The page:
Some call them tangelos even though they're actually a cross between a Dancy tangerine and a Duncan grapefruit. But they're also known as honeybells. Hurricanes and frosts keep their habitat scarce and render them rare and coveted. With an extra-juicy, from-the-tree sweetness, they make a brief appearance after Christmas; then they're gone till next year.
Best eaten in the shower or over the sink, honeybells cultivate rabid fans. Ed Cushman realized this in 1945 and cornered the honeybell market.
On Cushman's website
, it calls honeybells "the world's only limited edition fruit" and warns consumers to act before supplies run out:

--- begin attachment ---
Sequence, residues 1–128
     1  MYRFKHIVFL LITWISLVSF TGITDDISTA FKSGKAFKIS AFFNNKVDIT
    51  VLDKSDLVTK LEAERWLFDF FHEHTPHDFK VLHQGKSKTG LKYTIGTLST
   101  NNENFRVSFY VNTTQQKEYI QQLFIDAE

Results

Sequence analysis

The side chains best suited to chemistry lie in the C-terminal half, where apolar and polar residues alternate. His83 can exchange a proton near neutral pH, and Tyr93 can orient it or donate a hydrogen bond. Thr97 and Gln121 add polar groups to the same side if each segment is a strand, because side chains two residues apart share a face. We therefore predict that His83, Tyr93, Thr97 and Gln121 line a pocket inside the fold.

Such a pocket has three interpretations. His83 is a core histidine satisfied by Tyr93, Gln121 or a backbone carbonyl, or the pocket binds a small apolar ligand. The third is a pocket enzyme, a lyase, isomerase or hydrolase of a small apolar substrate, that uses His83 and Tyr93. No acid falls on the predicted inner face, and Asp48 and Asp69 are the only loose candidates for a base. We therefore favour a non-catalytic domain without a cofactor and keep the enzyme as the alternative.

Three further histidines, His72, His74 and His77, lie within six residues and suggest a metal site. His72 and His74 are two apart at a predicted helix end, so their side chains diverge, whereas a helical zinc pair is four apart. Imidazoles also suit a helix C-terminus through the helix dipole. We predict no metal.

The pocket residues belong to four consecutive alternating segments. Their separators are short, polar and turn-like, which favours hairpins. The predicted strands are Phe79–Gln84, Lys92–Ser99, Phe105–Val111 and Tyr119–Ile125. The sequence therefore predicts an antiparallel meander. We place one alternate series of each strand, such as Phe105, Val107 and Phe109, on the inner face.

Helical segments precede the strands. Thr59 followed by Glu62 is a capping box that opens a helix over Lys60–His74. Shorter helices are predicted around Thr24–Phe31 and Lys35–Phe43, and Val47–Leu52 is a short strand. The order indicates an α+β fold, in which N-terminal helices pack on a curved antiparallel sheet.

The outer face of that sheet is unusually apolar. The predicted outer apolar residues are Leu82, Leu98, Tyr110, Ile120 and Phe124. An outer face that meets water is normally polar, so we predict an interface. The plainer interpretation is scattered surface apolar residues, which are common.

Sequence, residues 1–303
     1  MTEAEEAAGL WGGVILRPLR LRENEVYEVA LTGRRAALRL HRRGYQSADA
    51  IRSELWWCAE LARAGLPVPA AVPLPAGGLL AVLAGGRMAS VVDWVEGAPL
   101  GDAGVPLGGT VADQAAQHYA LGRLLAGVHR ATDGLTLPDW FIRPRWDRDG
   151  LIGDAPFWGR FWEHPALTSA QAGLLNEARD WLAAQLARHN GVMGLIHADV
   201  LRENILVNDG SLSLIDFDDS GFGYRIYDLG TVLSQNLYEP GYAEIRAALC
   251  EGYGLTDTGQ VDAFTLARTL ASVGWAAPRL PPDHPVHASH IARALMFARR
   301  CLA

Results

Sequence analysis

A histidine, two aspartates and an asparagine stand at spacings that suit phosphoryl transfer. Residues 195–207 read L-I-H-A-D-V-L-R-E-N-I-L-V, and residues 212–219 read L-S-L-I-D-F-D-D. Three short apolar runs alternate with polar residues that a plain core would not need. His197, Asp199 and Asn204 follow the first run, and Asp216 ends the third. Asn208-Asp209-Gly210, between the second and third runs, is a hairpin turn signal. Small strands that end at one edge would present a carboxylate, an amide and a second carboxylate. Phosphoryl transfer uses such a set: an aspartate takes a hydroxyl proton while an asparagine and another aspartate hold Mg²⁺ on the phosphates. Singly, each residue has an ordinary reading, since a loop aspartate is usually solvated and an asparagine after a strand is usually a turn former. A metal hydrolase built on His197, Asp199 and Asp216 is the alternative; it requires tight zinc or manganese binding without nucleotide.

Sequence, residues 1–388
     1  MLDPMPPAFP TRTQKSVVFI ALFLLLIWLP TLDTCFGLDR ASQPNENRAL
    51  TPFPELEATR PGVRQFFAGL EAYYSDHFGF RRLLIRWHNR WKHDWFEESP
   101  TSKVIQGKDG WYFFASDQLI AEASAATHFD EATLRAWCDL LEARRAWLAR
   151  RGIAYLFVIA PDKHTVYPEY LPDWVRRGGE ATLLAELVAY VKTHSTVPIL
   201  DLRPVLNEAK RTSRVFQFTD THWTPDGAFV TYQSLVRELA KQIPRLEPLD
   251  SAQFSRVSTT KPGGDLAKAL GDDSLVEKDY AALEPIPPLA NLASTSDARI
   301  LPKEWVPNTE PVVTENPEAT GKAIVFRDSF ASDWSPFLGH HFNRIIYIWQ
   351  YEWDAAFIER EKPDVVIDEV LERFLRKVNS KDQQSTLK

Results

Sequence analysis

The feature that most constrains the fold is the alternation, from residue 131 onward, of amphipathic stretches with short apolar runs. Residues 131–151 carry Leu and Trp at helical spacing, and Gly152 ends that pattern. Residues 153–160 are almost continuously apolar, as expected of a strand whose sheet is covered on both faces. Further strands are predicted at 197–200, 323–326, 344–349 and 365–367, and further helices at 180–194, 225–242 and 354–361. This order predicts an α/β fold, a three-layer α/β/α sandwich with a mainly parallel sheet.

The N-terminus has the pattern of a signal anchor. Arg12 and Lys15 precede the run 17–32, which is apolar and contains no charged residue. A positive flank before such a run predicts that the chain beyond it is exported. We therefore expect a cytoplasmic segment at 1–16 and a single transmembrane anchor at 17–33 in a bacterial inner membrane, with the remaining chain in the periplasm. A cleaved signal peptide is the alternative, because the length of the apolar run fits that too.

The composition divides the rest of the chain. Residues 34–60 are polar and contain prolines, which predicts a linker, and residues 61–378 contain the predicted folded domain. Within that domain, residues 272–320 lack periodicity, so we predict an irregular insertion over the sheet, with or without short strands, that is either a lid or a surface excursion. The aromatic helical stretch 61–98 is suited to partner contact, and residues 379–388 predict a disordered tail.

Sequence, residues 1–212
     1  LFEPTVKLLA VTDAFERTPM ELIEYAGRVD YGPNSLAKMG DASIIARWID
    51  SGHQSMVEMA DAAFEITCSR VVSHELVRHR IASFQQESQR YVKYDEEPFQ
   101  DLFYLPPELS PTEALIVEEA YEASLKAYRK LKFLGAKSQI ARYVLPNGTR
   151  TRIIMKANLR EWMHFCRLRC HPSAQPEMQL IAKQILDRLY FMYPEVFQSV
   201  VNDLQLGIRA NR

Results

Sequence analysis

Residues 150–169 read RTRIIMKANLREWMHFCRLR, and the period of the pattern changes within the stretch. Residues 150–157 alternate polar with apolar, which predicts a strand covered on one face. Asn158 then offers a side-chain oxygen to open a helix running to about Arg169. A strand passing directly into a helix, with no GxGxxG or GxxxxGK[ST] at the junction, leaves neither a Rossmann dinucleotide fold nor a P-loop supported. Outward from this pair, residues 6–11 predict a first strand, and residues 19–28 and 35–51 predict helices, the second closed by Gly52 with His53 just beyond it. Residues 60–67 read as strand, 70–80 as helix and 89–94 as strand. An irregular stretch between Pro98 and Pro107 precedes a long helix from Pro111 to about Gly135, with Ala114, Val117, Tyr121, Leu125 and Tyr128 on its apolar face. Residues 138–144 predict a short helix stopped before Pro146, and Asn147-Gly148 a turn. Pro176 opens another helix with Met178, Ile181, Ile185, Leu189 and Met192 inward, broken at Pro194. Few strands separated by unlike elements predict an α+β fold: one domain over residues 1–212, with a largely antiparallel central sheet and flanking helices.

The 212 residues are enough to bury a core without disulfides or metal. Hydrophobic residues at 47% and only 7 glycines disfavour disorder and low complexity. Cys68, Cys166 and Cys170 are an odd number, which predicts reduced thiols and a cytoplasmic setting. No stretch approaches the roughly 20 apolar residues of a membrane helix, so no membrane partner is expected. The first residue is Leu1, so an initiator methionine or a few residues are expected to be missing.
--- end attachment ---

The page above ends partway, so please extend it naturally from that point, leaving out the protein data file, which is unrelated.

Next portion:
"After that, there are no more. Anywhere. At any price."
Bonnie at the Cushman's store in West Palm Beach says the remarkable, bell-shaped fruits usually show up the first week of January and are gone by the end of the month.
Prices won't be determined until they arrive, but a typical care package runs around $40 for 13 pounds.
Pricy little items!
"They are super-popular," says Bonnie. "And so juicy that people have to wear bibs."
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